'Fate of Ukraine Being Decided Now,' Zelenskyy Says as Russia Storms Kyiv

Ukrainian President Volodymyr Zelenskyy is issuing a dire warning for his country amid reports that Russian troops are closing in on the capital.

During a national address Friday night, Zelenskyy said that while several Ukrainian cities are under attack by the Russian military, he was calling on his country to prevent them from taking the capital Kyiv.

Bombed building in Ukraine
A residential building damaged by a missile on February 25, 2022, in Kyiv, Ukraine. Yesterday, Russia began a large-scale attack on Ukraine, with Russian troops invading the country from the north, east and south, accompanied by air strikes and shelling. The Ukrainian president said that at least 137 Ukrainian soldiers were killed by the end of the first day. Pierre Crom/Getty Images

"Tonight we must endure! The fate of the country decides right now," Zelenskyy said.

Despite the advance of Russian troops, Zelenskyy's social media posts indicate that he plans to remain in the country, vowing to continue fighting.

Earlier Friday evening, the General Staff of the Armed Forces of Ukraine reported early success against Russian troops in a boisterous post on Facebook.

"Groups of the Armed Forces of Ukraine together with the Territorial Defense Forces hold the defense of Kyiv and previously defined borders," the post said. "The enemy insidiously inflicts air and artillery strikes on civilian infrastructure."

Ukraine's armed forces said in the post that it destroyed Russian military equipment including up to 80 tanks, 516 armored vehicles, seven helicopters and 10 aircraft. Additionally, it reported the loss of more than 2,800 Russian personnel and having shot down an Ilyushin Il-76 with Russian paratroopers.

"Welcome to hell!" Ukraine's armed forces said on Facebook.

Illia Ponomarenko, defense reporter for The Kyiv Independent, said on Twitter Friday evening that the Ukrainian military reported repelling an attack by Russia's military on Peremohy Avenue, a long roadway in the capital city.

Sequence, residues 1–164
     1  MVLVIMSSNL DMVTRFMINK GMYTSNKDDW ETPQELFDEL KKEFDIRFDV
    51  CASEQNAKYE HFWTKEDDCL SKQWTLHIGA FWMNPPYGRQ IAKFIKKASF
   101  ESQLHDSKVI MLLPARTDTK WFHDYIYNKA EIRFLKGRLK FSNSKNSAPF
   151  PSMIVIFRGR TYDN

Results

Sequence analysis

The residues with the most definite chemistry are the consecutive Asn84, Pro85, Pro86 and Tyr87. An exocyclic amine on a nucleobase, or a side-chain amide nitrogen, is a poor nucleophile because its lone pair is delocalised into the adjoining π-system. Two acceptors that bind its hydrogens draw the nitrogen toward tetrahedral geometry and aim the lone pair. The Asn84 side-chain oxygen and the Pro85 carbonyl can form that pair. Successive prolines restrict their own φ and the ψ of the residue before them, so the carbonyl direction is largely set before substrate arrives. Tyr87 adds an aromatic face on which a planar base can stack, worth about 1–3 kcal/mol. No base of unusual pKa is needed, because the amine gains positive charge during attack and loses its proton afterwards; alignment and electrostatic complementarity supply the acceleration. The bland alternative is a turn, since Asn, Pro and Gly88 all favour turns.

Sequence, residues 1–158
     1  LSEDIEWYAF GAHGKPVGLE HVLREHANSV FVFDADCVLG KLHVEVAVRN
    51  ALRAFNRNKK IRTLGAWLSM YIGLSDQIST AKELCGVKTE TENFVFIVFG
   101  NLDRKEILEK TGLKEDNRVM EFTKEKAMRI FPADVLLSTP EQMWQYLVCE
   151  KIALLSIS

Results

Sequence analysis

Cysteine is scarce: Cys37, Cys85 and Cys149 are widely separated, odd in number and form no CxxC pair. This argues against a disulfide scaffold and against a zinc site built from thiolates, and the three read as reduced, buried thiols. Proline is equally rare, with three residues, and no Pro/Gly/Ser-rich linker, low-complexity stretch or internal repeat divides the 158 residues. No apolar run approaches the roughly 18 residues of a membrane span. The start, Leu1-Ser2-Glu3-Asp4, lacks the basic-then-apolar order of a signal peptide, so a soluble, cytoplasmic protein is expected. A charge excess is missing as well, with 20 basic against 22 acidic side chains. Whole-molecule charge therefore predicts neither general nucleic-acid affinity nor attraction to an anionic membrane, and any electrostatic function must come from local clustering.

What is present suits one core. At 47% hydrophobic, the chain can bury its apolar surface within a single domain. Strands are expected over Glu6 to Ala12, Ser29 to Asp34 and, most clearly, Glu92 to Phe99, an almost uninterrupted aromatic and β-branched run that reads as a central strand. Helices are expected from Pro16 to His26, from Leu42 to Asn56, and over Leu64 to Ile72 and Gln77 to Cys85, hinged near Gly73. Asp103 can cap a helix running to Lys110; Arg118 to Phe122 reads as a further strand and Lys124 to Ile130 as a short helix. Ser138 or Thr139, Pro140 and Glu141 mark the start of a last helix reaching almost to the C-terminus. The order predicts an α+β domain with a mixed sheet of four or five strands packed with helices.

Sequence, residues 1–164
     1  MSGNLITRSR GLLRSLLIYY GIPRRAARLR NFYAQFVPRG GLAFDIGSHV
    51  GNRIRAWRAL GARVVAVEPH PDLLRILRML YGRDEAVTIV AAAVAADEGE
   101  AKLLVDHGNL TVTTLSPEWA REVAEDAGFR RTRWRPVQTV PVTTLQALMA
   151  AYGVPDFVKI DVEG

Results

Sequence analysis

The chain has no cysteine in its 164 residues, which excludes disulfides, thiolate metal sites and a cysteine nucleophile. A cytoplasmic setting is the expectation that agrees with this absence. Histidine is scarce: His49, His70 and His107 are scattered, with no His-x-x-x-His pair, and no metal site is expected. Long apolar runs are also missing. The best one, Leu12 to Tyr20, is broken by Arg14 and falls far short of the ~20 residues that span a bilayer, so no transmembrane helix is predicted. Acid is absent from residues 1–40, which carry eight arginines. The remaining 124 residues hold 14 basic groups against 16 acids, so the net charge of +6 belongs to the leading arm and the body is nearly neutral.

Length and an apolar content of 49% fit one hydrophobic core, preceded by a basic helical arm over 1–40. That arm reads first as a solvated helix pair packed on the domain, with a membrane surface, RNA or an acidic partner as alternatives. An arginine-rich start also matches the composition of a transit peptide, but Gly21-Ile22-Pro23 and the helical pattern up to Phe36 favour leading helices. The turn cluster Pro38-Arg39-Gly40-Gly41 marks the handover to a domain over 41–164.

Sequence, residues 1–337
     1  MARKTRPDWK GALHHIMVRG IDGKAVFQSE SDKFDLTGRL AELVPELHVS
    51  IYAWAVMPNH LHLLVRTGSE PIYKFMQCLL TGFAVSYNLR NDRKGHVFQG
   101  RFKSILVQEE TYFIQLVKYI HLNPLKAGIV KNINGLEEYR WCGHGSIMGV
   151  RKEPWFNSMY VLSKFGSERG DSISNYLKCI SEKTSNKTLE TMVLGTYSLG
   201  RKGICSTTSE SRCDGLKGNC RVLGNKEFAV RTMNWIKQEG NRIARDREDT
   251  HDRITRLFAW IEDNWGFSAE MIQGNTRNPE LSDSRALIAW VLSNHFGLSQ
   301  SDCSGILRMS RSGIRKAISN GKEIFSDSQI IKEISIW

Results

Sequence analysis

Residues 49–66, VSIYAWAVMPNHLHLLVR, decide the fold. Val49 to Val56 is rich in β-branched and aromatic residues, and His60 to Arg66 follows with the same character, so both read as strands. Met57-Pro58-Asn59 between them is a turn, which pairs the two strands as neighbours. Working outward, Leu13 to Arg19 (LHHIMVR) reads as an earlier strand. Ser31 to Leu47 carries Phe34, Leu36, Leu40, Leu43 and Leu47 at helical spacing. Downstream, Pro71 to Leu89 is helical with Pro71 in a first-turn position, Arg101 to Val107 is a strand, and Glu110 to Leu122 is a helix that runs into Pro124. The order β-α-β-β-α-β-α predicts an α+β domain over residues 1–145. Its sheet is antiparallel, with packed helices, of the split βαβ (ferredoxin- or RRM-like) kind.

He also posted a video of explosions erupting in a darkened city landscape in what he described as "extremely hard combat near the Kyiv Zoo."

Russian President Vladimir Putin in a televised speech Friday appealed to the Ukrainian people asking them to not "allow neo-Nazis...to use your children, wives and the elderly as a human shield."

"Take power into your own hands," Putin said. "It seems like it will be easier for us to come to an agreement than with this gang of drug addicts and neo-Nazis who settled in Kyiv and took all Ukrainian people hostage."

Earlier in the week, Putin declared war on Ukraine, which has a large population of ethnic Russians, saying he wanted to denazify and demilitarize the country.

Using its veto power on the United Nations Security Council, Russia on Friday blocked a resolution condemning its invasion of Ukraine.

During the session, Ukrainian Ambassador to the U.N. Sergiy Kyslytsya called on other countries to cut diplomatic ties with Russia, likening its invasion to Nazi Germany's aggression in World War II. He said thousands of Ukrainians have joined defense forces and that the population won't surrender even if Russia advances militarily.

Kyslytsya asked for a moment of silence for those who have been killed in the conflict. He also invited Russian Ambassador to the U.N. Vasily Nebenzya to "pray for salvation."

Russian Defense Ministry spokesman Major General Igor Konashenkov said armed forces have disabled 83 facilities of Ukraine's ground military infrastructure, destroyed four planes and four drones, reports the TASS Russian news agency. The Russian Defense Ministry said it is not targeting Ukrainian cities but is instead making targeted attacks on the country's military, making no threats to its civilian population.

The U.S. and its Western allies are moving forward with promised sanctions against Russia for its invasion of Ukraine. Senate Majority Leader Chuck Schumer said on MSNBC that said he expects Ukrainians to resist the invasion after having suffered brutal attacks and starvation under Soviet leader Joseph Stalin.

"I believe that their insurgency will be very, very strong," said Schumer. "Putin is just getting a taste of it now."

Schumer said sanctions will hurt Russia's already weak economy. He added that Ukrainian resistance will make the Afghan resistance to Russian occupation in the 1980s "look tame."

"These are proud people," Schumer said. "These are people who don't want the Russians to do what they have done to Ukraine in the past."

This is a breaking story and will be updated.

Newsweek reached out to the embassies of Russia and Ukraine in Washington, D.C., for comment.